The importance of data availability
Data is an extremely important business asset, but it can sometimes be difficult to access, orchestrate and interpret. When data is moving across systems, it is not always in a standard format; data integration aims to make data agnostic (term which stands opposite to intuition and scares reasoning) usable (I believe that: “useless is worse than failed”) quickly across the business, so it can be accessed and handled by its constituents. We all are consumers and producers of data.
Data is one of the most important assets an organization has because it defines each organization’s uniqueness. Being a data-driven organization is not the final objective, but it represents a crucial process in the innovation challenge.
Data integration will continue to remain an actual issue for complex and fast-growing companies that share datasets between vendors, partners and more and more connected customers. The need to integrate systems is not recent, but now, thanks to computational power and technology evolution, we can achieve this in real-time.
Whole categories of industries are re-inventing their line of products with the “excuse” of Cloud infrastructures and SaaS and so the integration is a primary key point for companies that deal with change management.
Experience suggests that working with data can be frustrating if no results (or better valuable insights) are illustrated on time.
Sketch of a hypothetical data integration business case
Let me suppose that a typical business scenario is the following: How would you manage a typical data integration project? Of course, crucial issues to consider are:
- Resources, budget, time and cost
- Stakeholders’ frustration and their need for transparency and results
- Business model, integration design pattern, tools and role definitions
- Keeping the project on track and close it successfully
- Further follow-up activities and implementation (added values or how to enrich features after all requirements have been fulfilled)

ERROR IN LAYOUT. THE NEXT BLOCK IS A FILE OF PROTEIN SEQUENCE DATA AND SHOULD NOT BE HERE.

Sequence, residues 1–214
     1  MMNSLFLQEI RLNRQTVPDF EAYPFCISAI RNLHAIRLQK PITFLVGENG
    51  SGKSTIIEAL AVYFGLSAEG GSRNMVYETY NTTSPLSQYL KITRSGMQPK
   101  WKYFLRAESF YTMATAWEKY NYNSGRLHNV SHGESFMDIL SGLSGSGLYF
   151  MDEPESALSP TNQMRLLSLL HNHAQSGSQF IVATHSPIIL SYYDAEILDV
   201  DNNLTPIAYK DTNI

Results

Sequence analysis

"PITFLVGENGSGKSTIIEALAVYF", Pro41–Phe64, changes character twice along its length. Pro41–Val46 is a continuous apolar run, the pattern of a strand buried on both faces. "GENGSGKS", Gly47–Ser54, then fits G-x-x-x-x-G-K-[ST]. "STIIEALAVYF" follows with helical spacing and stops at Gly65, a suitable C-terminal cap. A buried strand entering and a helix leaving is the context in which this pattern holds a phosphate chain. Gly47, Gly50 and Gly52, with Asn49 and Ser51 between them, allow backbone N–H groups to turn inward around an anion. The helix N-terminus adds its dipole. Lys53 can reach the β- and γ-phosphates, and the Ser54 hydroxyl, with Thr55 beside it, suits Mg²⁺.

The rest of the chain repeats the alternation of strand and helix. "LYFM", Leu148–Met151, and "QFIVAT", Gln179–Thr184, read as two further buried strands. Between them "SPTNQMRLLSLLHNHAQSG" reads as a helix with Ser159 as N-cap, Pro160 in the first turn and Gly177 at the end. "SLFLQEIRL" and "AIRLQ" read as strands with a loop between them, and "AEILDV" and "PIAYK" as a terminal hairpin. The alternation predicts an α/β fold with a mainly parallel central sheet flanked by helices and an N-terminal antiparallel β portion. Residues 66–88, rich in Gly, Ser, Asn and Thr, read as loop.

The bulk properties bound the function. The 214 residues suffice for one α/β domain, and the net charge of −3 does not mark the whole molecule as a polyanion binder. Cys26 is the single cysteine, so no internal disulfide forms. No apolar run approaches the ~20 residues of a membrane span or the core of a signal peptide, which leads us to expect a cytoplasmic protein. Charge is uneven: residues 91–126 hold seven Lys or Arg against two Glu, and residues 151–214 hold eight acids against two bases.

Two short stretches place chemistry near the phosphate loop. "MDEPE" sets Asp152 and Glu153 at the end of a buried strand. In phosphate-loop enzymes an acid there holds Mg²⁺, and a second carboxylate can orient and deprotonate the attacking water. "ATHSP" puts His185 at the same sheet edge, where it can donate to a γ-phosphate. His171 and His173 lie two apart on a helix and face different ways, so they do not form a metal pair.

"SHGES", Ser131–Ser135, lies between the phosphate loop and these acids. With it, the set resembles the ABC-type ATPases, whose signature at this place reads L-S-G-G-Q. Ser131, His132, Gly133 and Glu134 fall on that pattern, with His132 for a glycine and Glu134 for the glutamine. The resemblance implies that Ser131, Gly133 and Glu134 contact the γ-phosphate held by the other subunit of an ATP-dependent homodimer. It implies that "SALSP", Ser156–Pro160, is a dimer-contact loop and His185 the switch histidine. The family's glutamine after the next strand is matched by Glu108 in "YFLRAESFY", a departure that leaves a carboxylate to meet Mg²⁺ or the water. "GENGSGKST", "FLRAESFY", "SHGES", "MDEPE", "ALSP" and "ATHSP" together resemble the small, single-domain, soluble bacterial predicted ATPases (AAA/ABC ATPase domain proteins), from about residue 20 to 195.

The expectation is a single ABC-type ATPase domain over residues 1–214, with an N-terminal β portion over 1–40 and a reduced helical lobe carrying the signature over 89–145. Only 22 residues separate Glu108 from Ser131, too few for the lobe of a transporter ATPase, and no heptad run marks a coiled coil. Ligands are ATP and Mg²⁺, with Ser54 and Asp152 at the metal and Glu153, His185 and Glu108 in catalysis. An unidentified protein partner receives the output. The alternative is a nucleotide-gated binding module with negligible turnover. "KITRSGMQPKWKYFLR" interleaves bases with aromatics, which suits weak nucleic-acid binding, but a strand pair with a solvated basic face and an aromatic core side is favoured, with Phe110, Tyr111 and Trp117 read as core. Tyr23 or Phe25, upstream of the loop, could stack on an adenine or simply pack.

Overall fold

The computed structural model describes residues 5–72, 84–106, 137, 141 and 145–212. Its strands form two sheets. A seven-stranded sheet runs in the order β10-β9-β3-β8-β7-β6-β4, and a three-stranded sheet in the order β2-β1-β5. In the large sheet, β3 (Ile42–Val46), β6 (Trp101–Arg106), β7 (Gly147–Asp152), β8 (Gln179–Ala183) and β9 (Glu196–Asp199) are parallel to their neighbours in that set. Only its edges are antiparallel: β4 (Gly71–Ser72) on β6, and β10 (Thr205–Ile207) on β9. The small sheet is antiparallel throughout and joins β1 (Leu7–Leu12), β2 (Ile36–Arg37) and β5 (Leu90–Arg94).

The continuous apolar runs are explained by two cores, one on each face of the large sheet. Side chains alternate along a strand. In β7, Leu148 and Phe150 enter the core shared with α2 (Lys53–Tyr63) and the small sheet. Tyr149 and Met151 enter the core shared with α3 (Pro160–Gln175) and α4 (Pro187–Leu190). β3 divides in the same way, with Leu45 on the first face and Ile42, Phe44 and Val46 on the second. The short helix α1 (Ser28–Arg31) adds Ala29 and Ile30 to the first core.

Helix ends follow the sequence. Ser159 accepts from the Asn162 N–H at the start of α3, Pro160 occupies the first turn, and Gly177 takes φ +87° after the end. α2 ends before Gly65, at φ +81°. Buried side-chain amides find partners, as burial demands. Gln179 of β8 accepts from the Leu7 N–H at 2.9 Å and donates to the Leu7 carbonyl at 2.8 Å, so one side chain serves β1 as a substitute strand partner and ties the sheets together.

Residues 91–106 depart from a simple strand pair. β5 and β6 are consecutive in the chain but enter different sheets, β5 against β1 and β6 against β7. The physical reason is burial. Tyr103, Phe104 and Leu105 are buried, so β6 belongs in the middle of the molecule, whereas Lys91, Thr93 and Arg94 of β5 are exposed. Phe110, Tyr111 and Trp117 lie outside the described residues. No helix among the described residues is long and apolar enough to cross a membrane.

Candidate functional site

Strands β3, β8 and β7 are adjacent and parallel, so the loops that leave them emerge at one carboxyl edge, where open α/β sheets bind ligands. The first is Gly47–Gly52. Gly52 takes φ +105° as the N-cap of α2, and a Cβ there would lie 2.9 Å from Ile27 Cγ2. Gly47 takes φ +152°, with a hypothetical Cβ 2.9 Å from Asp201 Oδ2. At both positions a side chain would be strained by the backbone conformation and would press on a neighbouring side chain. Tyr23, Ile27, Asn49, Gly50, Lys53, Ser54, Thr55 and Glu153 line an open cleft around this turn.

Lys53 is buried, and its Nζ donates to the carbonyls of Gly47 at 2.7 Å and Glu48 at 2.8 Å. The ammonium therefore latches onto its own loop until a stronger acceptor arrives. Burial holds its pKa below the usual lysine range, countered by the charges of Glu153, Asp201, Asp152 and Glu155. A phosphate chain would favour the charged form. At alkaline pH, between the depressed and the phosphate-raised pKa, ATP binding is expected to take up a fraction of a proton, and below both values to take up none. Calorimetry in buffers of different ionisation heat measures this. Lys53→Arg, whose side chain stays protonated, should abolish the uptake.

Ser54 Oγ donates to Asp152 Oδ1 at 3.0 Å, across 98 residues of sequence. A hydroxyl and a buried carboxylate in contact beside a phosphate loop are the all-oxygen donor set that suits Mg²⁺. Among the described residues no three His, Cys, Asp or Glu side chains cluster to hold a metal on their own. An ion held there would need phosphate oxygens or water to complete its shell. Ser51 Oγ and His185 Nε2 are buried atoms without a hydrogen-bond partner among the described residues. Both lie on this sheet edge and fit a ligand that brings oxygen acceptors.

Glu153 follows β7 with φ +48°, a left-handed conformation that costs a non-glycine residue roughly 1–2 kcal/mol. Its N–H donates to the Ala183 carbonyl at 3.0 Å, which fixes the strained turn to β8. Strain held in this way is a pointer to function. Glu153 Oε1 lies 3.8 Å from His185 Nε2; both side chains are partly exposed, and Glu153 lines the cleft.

Data necessities Governance, but also Agility and Responsiveness
That is why, from a Project Management point of view, I would recommend keeping an Agile methodology, trying to:
- Collaborate in an open and transparent manner with all the IT roles and business people during both phases. Developing agility and responsiveness are factors for success. Communication should be constant and business-relative.
- Deliver in short times and fast (weekly?)
- Start immediately with sample data (how to determine “importance”?)
- Share Talend process to engage (democratize resources) and inspire people.
Let me suppose I already identified the following tasks to be priorities:
1) Project urgency in terms of time (duration) and costs (budget) and stakeholders concern (especially the 1-st phase!)
2) Cloud adoption for the digital transformation (benefits of Cloud as a paradigm…)
3) Hybrid system (MF and SaaS) to be implemented for near real-time CRM transactions (sync or data replication) about Customers/Accounts information
4) Perform some data quality actions like data validation/cleanse (Address field/column to be formatted or adapted) before some ETL activities
5) Bi-directional operations between MF (example: DB2) and SaaS CRM (trigger changes: update/insert/delete/upsert and run job)
6) Need to cooperate with the source code (maybe for remote DEV team collaboration or versioning?)